- A missile hits a building in Mykolaiv
- Ukrainian forces on the offensive in the Kherson region
- Kherson is the gateway to Crimea annexed by Russia
- Western countries reject Russia’s ‘dirty bomb’ accusation
MYKOLAIV, Ukraine, Oct 24 (Reuters) – Russia fired missiles and drones at the southern Ukrainian town of Mykolaiv, destroying an apartment building, and said the war was heading towards “uncontrolled escalation” in a flurry of phone calls to Western defense ministers.
The strike on the shipbuilding town about 35 km (22 miles) northwest of the front line in Kherson came as Russia ordered 60,000 people to flee the area. “to save your lives” against a Ukrainian counter-offensive.
Russian Defense Minister Sergei Shoigu spoke of the “rapidly deteriorating situation” in phone calls with his British, French and Turkish counterparts, the ministry said.
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He also spoke by telephone with US Secretary of Defense Lloyd Austin for the second time in three days. The Pentagon said Austin told Shoigu he “dismisses any excuse for Russian escalation.”
Without providing evidence, Shoigu said Ukraine could escalate using a “dirty bomb” or conventional explosives containing radioactive material.
Ukraine does not have nuclear weapons, while Russia has said it could protect its territory with its nuclear arsenal.
Ukrainian Foreign Minister Dmytro Kuleba dismissed the accusation as “absurd” and “dangerous”, adding: “Russians often accuse others of what they themselves are up to.”
In a joint statement after the talks, Britain, France and the United States said they were committed to supporting Ukraine “for as long as it takes” and dismissed the warning from the Russia regarding a “dirty bomb”.
“Our countries have made it clear that we all reject Russia’s patently false allegations that Ukraine is preparing to use a dirty bomb on its own territory,” they said.
“The world would see through any attempt to use this allegation as a pretext for escalation.”
Sunday’s missile strike in Mykolaiv obliterated the top floor of the building, sending shrapnel and debris into a square and nearby buildings, Reuters witnessed. No deaths were recorded.
“After the first explosion, I tried to get out, but the door was stuck,” said Oleksandr Mezinov, 50, who was woken from his bed by the explosions. “After a minute or two there was a second loud blast. Our door was blown out into the hallway.”
On Sunday, Ukraine’s General Staff said anti-aircraft defenses had shot down 12 Iranian-made Russian Shahed-136 attack drones in the past 24 hours.
Tehran denies supplying arms to Russia.
Britain’s Ministry of Defense said Russia was using Iranian unmanned aerial vehicles (UAVs) to replace increasingly scarce Russian-made long-range precision weapons.
But Ukraine’s efforts to contain the drones have been successful, the ministry added Monday in his Twitter update.
Ukraine’s advances in recent weeks around Kherson and in the northeast of the country have been met with an intensification of Russian missile and drone attacks on civilian infrastructure, which destroyed around 40% of Ukraine’s electricity system before Winter.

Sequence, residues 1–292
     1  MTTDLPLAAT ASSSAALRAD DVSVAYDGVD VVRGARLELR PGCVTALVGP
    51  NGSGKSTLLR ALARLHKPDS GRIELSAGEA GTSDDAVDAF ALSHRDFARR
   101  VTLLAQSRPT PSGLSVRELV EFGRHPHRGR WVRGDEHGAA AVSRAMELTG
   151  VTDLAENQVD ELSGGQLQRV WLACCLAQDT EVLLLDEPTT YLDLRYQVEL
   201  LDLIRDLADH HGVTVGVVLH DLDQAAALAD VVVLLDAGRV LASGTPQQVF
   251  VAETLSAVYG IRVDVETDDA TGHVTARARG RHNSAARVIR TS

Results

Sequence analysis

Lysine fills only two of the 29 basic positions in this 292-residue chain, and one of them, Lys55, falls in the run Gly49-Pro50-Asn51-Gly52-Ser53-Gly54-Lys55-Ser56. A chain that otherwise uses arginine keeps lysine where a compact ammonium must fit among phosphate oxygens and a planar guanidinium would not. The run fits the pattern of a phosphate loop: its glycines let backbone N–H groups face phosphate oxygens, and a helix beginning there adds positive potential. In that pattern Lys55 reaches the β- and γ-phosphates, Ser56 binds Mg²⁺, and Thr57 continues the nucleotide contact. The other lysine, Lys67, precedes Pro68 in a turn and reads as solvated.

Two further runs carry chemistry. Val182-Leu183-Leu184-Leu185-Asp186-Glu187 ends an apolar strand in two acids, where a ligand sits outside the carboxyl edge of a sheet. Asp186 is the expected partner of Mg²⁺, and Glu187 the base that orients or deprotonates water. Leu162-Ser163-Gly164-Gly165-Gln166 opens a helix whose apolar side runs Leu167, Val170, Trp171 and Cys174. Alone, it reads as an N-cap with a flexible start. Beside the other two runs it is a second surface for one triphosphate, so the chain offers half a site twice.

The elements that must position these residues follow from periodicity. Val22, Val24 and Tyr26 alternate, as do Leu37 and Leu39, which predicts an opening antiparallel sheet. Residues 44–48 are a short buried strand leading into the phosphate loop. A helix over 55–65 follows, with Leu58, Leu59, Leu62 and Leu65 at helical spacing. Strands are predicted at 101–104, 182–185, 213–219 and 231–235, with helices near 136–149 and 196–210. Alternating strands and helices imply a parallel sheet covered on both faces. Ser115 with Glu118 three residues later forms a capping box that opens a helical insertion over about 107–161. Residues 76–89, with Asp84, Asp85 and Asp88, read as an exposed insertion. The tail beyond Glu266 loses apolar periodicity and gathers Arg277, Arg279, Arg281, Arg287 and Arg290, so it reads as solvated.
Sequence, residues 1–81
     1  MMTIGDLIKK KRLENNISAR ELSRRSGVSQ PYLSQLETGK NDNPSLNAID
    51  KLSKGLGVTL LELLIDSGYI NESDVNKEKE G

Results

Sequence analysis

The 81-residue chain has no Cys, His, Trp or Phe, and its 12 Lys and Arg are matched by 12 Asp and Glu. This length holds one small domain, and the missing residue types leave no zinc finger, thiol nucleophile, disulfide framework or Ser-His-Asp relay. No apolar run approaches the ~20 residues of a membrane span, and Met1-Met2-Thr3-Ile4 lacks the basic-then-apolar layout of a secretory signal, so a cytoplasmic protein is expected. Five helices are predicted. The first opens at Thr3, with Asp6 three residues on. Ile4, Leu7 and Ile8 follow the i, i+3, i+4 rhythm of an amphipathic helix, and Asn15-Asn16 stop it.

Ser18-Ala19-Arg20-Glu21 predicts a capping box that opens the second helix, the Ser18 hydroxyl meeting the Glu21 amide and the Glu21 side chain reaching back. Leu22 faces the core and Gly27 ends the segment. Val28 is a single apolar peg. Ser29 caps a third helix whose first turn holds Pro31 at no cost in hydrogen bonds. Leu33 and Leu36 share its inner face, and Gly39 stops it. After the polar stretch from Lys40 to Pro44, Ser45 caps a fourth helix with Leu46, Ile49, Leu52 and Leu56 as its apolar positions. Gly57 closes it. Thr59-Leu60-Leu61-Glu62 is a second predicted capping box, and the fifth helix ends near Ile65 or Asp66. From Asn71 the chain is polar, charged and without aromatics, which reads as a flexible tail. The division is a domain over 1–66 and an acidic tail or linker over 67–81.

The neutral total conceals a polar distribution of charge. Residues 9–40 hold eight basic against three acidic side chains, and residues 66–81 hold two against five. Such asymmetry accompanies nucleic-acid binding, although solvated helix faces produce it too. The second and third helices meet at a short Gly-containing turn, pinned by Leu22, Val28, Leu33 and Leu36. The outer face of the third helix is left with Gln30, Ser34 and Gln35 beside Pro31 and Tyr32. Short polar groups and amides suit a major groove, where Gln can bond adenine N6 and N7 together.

Russian troops have withdrawn from parts of the front and occupation authorities are evacuating civilians deeper into Russian-held territory ahead of an expected battle for Kherson, the regional capital on the west bank of the Dnipro.
Kherson is a gateway to Crimea, which Russia annexed in 2014.
“The situation today is difficult. It is vital to save your lives,” Russian Education Minister Sergei Kravtsov said in a video message. “It won’t be for long. You will definitely come back.”
Russian-installed authorities reported an insufficient number of ships to transport people across the river at any given time on Sunday, blaming a “sharp increase in the number of people wanting to leave”.
About 25,000 people have been evacuated since Tuesday, the Interfax news agency said.
The Ukrainian army said it was advancing south, taking control of at least two villages it said Russia had abandoned.
The Russian Defense Ministry said on Sunday that its forces had continued attacks on Ukraine’s energy and military infrastructure, destroyed a major ammunition depot in the central Cherkasy region and repelled Ukrainian counteroffensives in the south and ballast.
Reuters could not independently verify the accounts.
Ukrainian President Volodymyr Zelenskiy said Russian attacks on energy infrastructure hit on a “very large” scale.
As the war is about to enter its ninth month and winter approaches, the potential for freezing misery looms.
Volodymyr Kudritskiy, head of Ukraine’s national energy company, Ukrenergo, said power had been restored to more than 1.5 million customers after the weekend’s massive attacks on energy targets.
Moscow denies targeting civilians in what it calls the “special military operation” in Ukraine.
Ukraine has also accused Russia of obstructing an agreement on grain exports via the Black Sea, saying its ports were operating at only 25-30% capacity.
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Additional reporting by Jake Cordell and Valentyn Ogirenko in Mykolaiv; Written by Clarence Fernandez; Editing by Stephen Coates
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